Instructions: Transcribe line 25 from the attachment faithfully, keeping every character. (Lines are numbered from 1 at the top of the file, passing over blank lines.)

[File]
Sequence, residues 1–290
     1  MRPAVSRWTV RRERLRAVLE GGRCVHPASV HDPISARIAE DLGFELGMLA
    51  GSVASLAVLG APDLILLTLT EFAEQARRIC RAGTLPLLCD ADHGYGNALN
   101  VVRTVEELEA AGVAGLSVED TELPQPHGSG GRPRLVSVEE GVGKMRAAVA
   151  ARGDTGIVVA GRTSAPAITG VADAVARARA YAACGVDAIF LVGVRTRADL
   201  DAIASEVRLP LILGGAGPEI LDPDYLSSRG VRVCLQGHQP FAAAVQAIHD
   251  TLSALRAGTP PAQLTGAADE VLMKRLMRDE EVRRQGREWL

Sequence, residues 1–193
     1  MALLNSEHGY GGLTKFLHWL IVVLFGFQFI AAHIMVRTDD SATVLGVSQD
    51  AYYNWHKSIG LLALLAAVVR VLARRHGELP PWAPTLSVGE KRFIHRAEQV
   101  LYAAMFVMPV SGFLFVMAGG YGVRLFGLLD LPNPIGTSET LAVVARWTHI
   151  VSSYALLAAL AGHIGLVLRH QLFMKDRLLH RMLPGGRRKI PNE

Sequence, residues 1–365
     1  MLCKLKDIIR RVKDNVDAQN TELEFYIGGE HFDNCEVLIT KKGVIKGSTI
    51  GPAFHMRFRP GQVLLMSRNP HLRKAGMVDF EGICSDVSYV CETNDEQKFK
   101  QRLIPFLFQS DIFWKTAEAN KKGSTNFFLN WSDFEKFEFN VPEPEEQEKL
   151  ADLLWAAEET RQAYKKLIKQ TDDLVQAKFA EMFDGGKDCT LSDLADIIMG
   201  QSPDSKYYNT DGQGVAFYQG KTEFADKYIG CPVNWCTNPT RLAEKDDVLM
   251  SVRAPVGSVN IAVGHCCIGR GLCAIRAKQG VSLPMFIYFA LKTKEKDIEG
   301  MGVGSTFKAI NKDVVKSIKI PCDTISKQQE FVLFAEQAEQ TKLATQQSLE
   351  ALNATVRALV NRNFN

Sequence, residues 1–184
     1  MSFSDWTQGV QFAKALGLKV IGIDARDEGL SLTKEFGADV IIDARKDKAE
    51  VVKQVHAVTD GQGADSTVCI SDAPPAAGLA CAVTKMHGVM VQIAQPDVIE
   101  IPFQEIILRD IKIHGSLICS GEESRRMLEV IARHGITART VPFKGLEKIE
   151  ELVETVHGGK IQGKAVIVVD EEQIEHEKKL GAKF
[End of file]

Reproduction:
   101  IPFQEIILRD IKIHGSLICS GEESRRMLEV IARHGITART VPFKGLEKIE